121. Pundits aside, each of us feels the recession every time we go to the grocery store. The question is not are we in a recession, the question is how do we protect ourselves, our finances and our careers. Each of us faces the recession differently and each of us needs different resources. The first line of defense is recession proofing our jobs/career. And that ain’t easy. A few ideas are mentioned in my articles http://jobsearchdebugged.com/blogs/index.php.

  122. Pundits aside, each of us feels the recession every time we go to the grocery store. The question is not are we in a recession, the question is how do we protect ourselves, our finances and our careers. Each of us faces the recession differently and each of us needs different resources. The first line of defense is recession proofing our jobs/career. And that ain’t easy. A few ideas are mentioned in my articles http://jobsearchdebugged.com/blogs/index.php.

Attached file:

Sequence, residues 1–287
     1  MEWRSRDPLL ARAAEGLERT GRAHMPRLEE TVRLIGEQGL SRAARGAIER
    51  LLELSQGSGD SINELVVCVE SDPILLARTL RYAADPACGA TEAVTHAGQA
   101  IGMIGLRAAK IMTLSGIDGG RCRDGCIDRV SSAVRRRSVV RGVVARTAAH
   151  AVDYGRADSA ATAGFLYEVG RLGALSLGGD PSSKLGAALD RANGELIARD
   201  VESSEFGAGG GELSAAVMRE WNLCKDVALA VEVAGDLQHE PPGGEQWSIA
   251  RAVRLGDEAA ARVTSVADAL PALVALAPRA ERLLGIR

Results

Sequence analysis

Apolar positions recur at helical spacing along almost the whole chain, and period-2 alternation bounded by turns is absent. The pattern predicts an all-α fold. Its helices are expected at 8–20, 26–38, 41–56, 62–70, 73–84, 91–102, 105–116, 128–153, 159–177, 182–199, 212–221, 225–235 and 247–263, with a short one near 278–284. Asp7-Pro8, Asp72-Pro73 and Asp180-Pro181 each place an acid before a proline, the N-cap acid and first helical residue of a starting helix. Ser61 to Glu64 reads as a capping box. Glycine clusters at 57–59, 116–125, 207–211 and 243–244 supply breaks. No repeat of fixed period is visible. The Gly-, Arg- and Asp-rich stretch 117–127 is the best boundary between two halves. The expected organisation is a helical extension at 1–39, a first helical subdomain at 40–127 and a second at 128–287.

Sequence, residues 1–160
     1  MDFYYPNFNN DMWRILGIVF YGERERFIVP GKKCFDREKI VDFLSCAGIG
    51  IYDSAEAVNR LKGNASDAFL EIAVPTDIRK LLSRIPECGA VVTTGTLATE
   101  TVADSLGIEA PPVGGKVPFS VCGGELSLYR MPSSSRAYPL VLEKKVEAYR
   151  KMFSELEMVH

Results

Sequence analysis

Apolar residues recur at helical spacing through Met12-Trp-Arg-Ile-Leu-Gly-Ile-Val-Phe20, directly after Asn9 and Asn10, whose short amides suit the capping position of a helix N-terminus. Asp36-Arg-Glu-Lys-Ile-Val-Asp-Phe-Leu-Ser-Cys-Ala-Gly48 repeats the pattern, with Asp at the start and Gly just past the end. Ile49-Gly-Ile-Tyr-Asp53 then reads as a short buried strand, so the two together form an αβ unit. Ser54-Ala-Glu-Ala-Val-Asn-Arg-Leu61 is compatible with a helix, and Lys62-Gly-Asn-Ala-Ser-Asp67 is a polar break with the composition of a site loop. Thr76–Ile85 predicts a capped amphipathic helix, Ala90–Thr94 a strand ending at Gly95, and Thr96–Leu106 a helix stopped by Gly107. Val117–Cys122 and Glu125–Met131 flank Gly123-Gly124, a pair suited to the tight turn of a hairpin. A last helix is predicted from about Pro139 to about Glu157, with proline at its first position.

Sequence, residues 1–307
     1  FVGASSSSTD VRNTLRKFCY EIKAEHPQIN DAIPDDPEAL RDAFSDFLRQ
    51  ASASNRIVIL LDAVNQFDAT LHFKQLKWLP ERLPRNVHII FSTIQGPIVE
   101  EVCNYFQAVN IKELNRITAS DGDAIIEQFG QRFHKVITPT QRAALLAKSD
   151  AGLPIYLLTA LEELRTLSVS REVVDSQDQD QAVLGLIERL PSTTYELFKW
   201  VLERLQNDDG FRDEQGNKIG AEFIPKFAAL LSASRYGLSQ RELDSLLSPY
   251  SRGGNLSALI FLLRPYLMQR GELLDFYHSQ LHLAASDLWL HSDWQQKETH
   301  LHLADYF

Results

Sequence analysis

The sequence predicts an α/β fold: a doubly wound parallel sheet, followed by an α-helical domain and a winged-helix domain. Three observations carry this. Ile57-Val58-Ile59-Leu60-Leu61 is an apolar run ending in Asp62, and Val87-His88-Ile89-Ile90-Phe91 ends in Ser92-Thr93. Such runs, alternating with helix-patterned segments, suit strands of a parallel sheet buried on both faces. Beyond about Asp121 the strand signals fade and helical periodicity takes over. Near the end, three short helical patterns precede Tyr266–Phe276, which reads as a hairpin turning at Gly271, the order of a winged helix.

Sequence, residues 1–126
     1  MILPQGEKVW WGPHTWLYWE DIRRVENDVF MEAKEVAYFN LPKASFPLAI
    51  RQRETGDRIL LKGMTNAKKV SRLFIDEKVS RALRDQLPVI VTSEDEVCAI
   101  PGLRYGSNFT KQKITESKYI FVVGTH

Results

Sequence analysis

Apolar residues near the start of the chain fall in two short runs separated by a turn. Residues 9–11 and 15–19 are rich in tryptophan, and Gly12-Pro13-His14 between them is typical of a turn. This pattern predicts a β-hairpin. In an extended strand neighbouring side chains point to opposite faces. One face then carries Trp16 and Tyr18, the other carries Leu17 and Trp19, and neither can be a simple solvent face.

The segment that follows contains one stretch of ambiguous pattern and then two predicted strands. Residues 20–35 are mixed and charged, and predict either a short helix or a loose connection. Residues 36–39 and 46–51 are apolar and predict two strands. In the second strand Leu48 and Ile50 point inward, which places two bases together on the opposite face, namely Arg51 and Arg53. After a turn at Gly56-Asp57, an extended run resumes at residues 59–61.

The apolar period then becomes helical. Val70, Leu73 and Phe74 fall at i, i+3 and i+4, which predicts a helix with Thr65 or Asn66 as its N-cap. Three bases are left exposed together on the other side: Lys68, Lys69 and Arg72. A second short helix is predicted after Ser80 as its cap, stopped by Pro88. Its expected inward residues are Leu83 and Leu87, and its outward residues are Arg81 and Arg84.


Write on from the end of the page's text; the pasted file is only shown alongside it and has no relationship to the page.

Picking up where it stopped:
123. Prokofy Neva and the rest of you out there…

    Get your facts straight – subjective reasoning while reasonably interesting misses the point. Objectively we are not in a recession – which requires two negative quarters of GDP growth – in fact, we have not even achieved one quarter of negative GDP growth – yet. And we may, and we may enter into a recession, but redefining the term to mean that because you lost your job or a loved one had their house foreclosed is misleading and emotionally based – not factually accurate.

    Keep it real, keep it objective, leave the story telling to grandpa.

  124. Prokofy Neva and the rest of you out there…